Interview with Stefan Bates of 1Bitgames

This is an interview with Stefan Bates of 1Bitgames, a UK based Java games developer who offer free demos of their games.

Thanks for taking the time to talk with us Stefan. Can you tell us a bit about 1bitgames? What is the company background?

My own personal background is as a C/C++ & Java developer working on a freelance basis. I've had an interest in computer games since my father bought me a Sinclair ZX-81 in the early 80s. I played with Java 1.0 when it was first released. I dabbled with Java on a Palm and when the first J2ME MIDP 1.0 implementations arrived on mobile phones I realised that Java would be an ideal tool to develop applications for a wide range of different phones. I started 1bitgames in June 2003 with the purpose of retailing some of my work. Mobile Soccer Manager was the first major release. Since then I've teamed up with a couple of other people with considerable experience in sales & marketing.

Can you talk us through the typical stages involved in producing a mobile phone game?

Basically, we come up with an idea often inspired by titles from the 80s or early consoles and prove that the game will work on current handsets with a proof-of-concept. We use the Sun Wireless Toolkit and initially target a Nokia Series 40 device. We then convert the graphics for other handsets such as the Nokia Series 60 and the Sony Ericsson T610 & P800/P900. We test under as many emulators as possible and with as many real phones as we can. We have a number of phones in the office for testing purposes. We also run our own Linux websites with which we can test OTA and multiplayer connectivity. We use other tools for benchmarking and compressing the final download.

I'd be interested in hearing where you think mobile phone gaming market is heading.

I think that the most successful games will probably be those that take advantage of the fact that the mobile phone will typically have a reasonable amount of bandwidth via GPRS or 3G. MIDP 2.0 is a lot more flexible with regards to network connectivity and also includes a Bluetooth API that we can use to build multiplayer wireless games. We'll also probably see a number of tie-ins with console games.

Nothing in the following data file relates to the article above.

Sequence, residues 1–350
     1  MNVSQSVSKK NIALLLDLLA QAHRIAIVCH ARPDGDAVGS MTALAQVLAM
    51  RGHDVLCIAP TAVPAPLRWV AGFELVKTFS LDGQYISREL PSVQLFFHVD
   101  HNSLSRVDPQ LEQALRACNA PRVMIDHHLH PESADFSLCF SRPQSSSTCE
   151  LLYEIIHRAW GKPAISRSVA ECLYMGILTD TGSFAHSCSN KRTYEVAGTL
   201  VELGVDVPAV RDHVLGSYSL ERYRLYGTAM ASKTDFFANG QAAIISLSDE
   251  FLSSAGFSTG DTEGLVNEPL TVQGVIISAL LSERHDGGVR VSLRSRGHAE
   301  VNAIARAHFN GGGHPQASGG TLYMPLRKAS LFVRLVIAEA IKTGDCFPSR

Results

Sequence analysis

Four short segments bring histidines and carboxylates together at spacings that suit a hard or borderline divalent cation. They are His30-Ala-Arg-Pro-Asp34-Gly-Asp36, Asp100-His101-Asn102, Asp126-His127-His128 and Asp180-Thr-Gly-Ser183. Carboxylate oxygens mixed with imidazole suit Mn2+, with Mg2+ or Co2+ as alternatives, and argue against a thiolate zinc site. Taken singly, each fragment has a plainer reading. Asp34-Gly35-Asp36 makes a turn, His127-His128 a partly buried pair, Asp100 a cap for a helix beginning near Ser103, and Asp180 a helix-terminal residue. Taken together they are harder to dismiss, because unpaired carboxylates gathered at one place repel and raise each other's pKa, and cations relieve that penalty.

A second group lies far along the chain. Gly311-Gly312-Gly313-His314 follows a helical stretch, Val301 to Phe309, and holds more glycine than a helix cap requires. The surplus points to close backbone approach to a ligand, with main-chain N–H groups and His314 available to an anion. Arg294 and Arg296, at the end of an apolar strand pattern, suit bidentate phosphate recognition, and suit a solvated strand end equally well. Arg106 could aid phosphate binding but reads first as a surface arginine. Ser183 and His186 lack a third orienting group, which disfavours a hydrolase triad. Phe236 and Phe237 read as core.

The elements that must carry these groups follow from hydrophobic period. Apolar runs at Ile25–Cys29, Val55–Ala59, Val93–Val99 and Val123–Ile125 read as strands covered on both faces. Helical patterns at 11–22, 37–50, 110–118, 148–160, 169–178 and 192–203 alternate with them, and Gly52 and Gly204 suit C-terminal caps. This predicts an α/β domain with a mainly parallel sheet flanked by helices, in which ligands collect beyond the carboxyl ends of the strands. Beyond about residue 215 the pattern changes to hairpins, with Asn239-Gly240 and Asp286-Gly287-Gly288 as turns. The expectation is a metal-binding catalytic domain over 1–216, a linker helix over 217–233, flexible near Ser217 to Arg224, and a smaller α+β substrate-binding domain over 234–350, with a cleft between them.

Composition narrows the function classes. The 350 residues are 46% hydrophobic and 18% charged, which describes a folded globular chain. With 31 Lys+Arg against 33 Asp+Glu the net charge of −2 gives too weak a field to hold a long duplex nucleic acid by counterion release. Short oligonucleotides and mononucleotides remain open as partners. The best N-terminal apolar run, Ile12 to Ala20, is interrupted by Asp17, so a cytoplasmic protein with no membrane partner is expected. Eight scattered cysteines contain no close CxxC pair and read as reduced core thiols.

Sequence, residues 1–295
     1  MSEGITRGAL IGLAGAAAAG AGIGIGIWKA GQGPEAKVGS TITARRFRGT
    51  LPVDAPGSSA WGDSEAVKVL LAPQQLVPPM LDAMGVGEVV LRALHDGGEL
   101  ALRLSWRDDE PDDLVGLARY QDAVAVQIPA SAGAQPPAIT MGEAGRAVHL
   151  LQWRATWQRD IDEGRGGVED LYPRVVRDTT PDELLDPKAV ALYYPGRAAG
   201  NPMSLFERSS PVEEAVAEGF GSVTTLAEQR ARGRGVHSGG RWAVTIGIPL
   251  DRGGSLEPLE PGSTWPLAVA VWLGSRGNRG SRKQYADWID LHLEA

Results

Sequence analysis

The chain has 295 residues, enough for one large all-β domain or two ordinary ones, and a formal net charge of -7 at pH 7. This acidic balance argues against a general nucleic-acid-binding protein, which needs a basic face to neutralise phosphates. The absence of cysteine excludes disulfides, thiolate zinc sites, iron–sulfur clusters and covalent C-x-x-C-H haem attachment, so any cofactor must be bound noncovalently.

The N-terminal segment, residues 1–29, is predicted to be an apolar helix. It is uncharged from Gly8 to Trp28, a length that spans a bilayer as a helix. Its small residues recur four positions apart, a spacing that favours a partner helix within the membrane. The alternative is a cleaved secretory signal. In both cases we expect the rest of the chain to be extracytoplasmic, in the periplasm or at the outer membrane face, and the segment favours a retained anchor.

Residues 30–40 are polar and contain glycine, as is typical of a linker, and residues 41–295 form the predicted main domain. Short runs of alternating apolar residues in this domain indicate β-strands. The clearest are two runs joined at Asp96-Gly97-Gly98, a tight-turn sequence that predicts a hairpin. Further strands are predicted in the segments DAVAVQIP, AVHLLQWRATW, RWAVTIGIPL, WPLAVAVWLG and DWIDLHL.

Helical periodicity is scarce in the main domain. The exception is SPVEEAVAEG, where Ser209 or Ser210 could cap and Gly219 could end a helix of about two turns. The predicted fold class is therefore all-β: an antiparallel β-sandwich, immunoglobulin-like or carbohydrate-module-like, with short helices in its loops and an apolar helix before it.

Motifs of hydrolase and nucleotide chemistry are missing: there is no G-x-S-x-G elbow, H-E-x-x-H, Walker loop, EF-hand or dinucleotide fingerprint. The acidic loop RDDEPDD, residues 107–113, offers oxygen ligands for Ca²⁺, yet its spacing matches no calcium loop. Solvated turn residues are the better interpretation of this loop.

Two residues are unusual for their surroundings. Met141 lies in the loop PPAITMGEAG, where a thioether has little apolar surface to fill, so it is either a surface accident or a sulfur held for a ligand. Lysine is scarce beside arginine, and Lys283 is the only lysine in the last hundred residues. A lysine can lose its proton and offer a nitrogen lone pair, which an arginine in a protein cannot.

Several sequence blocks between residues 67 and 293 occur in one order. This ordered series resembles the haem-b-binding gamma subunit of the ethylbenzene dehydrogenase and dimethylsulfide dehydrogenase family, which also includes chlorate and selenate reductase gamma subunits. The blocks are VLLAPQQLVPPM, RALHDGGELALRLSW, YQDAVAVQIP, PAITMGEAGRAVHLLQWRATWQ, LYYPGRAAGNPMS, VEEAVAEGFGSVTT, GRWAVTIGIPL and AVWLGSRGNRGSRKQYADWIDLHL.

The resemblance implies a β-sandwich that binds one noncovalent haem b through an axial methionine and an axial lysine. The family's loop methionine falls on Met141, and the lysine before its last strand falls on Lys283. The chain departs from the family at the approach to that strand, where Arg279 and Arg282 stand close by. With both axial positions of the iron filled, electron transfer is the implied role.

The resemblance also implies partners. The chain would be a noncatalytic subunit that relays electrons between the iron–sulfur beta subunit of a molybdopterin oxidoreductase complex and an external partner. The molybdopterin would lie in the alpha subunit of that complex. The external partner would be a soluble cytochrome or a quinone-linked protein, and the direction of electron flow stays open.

Do you specialise in any one type of game, platform for example.

Not really, we write games we feel will be enjoyable to play. Our only specialisation is that we write J2ME applications for Nokia, Sony Ericsson & Sharp devices. Motorola support is expected Q2 2004.

Mobile phone games can be basic, so what do you see being possible in future, say two years from now.

There are some titles such as our own Mobile Soccer Manager that push the current phones as far as we can take them due to memory and CPU speed limitations. Our unpublished Golf title is a state-of-the-art mobile game that looks like a console game. See answer to Question 3.

Some traditional game developers put hidden features into their product, "easter eggs" I have heard them called. Have you ever done anything similar and if so, care to share.

Countermove contains a cheat mode. On the Options screen try typing '1bitgames' or 'cheat'. On Mobile Soccer Manager take a look at the Hints page on our website.

What is your advice for the wannabe developers trying to get into mobile phone game development?

Firstly, go out and buy as many real J2ME compatible phones as you can afford. Download the Sun Wireless Development Toolkit from Sun and then try to make a simple game, maybe something like Snake. There are quite a few good development sites to take a look at; Google will usually bring up some good candidates. Try your creation in an emulator of your choice and when you are happy with it, test, test and test again on the real phone.


Thanks for answering our questions and telling us a little more about 1Bitgames. If you would like to find out more about 1Bitgames you can visit their website.